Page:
The Southwestern Historical Quarterly, Volume 37, July 1933 - April, 1934 Page: 82
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Southwestern Historical Quarterly
Texas he immediately applied for headrights. In one of these
applications, he describes himself as a bachelor, and in the other
as a widower.' This registration is dated April, 1831.
He soon settled at Anahuac, where he set up a law office. There
he came into contact with Bradburn, the Mexican Military Com-
mandant. Travis took a leading part in resisting Bradburn's
tyranny, and in 1832, along with others, he was seized and im-
prisoned in the barracks of the garrison. After considerable dis-
turbance, he and his fellow prisoners were released without trial.
From that time on Travis was -one of the foremost leaders of what
is known as the "war party," a faction of the Texans who were
always ready to assert and to maintain their rights, by force if
necessary. Like his close friend, Henry Smith, Travis utterly
distrusted and despised all Mexicans.
In 1832 he removed to San Felipe, the capital of Austin's
colony, and formed a law partnership with one Willis Nibbs.1o
There he had to compete with the best lawyers of Texas, such men
as R. M. Williamson, T. J. Chambers, Ira R. Lewis, William H.,
and Patrick C. Jack, Luke Lassassier, and others of less note.
There he became in 1834 secretary of the ayuntamiento, and
probably had a part in drawing up the able petition,1' praying for
the release of Stephen F. Austin who was from January, 1834,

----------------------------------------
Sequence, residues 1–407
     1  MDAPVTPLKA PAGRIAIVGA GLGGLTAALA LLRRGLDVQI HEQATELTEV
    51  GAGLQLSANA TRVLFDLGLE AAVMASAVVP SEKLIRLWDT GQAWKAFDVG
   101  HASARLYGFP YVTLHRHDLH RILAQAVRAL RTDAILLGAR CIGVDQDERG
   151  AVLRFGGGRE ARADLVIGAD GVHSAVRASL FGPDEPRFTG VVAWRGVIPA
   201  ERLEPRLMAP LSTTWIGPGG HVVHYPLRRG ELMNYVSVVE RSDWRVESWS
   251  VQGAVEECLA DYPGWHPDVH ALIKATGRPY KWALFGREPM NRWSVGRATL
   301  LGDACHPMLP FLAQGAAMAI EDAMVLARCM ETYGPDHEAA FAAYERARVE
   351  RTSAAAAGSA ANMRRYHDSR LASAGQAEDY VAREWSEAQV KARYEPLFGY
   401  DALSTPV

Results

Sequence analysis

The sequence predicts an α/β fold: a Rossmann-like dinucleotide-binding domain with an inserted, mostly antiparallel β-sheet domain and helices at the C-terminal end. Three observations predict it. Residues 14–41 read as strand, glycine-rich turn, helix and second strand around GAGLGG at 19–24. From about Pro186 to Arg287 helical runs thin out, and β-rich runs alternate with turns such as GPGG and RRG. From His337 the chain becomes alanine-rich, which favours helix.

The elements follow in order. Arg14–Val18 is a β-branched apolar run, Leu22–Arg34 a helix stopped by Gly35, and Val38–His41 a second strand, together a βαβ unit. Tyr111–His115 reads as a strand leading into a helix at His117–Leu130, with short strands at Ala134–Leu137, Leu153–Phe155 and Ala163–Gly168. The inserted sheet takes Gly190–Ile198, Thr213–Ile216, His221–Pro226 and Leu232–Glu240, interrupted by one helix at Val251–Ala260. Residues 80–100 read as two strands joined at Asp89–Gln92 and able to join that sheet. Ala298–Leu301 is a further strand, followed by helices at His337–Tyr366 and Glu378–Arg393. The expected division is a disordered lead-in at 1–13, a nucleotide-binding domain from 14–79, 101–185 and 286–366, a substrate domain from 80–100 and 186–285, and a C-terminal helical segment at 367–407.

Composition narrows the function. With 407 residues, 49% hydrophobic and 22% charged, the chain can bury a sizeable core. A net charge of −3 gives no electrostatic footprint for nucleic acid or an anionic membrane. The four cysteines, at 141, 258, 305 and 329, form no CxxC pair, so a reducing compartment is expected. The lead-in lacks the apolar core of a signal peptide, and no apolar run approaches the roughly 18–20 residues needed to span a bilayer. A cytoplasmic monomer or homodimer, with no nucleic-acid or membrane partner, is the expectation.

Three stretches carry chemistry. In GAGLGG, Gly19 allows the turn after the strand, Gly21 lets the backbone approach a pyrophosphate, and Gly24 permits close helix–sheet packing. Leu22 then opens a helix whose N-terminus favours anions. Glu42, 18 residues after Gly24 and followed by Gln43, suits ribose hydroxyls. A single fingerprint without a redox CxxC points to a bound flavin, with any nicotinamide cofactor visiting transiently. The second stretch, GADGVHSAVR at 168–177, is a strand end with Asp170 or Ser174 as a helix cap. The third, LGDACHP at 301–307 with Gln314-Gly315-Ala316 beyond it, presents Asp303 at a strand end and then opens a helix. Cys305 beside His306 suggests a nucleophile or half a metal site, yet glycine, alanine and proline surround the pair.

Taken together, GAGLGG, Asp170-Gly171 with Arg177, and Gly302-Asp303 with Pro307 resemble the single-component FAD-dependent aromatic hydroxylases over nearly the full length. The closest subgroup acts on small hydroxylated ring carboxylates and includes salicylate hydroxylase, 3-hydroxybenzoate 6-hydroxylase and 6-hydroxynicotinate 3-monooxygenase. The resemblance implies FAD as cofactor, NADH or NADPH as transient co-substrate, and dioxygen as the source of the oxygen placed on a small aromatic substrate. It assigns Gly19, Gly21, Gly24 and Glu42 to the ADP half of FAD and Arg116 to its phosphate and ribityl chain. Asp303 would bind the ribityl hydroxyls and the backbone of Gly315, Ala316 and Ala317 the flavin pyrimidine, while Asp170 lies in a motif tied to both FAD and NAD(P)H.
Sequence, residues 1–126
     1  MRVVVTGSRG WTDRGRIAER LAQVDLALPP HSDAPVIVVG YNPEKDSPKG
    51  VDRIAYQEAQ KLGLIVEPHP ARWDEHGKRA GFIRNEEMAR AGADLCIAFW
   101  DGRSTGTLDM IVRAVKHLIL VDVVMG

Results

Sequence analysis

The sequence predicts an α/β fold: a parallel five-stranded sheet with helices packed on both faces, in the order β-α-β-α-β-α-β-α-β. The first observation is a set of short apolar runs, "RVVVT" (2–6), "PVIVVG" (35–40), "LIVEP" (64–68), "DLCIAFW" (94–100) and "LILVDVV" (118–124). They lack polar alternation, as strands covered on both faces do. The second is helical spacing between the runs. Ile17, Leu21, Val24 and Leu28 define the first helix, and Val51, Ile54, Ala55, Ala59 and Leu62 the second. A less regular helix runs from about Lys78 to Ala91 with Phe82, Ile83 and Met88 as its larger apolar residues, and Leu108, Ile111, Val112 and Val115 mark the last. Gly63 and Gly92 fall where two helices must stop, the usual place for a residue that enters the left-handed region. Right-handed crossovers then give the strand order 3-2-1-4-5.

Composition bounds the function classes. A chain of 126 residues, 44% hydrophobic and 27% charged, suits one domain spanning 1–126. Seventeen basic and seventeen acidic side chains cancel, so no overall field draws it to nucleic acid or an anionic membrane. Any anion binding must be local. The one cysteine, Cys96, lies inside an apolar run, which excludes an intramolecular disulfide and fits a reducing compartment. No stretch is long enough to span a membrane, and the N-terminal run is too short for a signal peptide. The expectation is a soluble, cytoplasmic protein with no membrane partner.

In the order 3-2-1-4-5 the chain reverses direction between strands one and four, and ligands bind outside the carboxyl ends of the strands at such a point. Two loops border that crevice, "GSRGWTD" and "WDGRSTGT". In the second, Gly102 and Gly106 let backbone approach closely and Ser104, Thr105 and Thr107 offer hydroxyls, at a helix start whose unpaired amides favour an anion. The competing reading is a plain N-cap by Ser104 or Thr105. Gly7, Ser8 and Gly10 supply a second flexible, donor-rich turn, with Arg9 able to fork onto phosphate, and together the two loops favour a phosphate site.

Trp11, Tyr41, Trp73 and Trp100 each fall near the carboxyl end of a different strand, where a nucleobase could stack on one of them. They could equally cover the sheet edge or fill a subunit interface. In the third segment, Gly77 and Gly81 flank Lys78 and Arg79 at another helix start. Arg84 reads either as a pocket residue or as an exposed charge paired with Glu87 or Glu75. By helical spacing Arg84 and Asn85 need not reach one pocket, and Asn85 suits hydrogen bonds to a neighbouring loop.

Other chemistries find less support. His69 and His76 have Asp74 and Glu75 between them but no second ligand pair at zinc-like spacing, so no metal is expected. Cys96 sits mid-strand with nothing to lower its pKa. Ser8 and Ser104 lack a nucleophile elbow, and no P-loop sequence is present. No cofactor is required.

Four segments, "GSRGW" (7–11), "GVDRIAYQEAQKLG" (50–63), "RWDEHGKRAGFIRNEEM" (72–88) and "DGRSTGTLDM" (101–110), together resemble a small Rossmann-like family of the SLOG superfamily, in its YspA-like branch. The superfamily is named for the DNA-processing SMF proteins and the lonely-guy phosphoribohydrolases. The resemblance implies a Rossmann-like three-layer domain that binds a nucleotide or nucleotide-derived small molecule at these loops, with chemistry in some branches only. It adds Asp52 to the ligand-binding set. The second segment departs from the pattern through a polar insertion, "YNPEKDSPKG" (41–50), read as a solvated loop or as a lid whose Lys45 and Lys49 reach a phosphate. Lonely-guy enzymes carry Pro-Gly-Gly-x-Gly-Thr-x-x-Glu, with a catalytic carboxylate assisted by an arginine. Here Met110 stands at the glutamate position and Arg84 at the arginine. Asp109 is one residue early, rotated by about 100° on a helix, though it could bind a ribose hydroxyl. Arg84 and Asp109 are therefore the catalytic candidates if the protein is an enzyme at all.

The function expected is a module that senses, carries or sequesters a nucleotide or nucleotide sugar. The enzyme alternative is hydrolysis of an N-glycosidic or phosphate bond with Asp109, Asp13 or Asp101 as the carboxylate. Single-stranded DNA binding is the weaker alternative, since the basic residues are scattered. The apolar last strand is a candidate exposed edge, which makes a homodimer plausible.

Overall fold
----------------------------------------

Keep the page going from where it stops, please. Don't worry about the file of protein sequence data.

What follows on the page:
to July, 1835, a prisoner in Mexico.
In January, 1835, Santa Anna sent a small detachment of troops
under Captain Tenorio, to garrison the post at Anahuac and to
reopen the custom house. This act caused great excitement among
the people who felt that the conditions of 1832 were to be re-
established. A meeting was held at San Felipe on the night of
June 21, presided over by James B. Miller, the political chief.
Just what happened at that meeting is not completely understood
in detail, but it is thought to have adopted a resolution for defense
of the country against military occupation, and to have resolved
that the troops of Anahuac should be disarmed and ordered to
leave Texas. Smarting under the wrongs that he had received at
the hands of Bradburn, and honestly believing that Tenorio and
'Spanish Archives, Register for Milam's Golony, Book A, page 97,
General Land Office.
"OTexas Republican, February 14, 1835.
"Homer S. Thrall, A Pictorial History of Texas, 699, attributes this
document to Travis, but abler and more recent authorities believe that
it was chiefly the work of R. M. Williamson.
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Texas State Historical Association & Barker, Eugene C. The Southwestern Historical Quarterly, Volume 37, July 1933 - April, 1934, periodical, 1934; Austin, Texas. (texashistory.unt.edu/ark:/67531/metapth101094/m1/96/: accessed December 16, 2017), University of North Texas Libraries, The Portal to Texas History, texashistory.unt.edu; crediting Texas State Historical Association.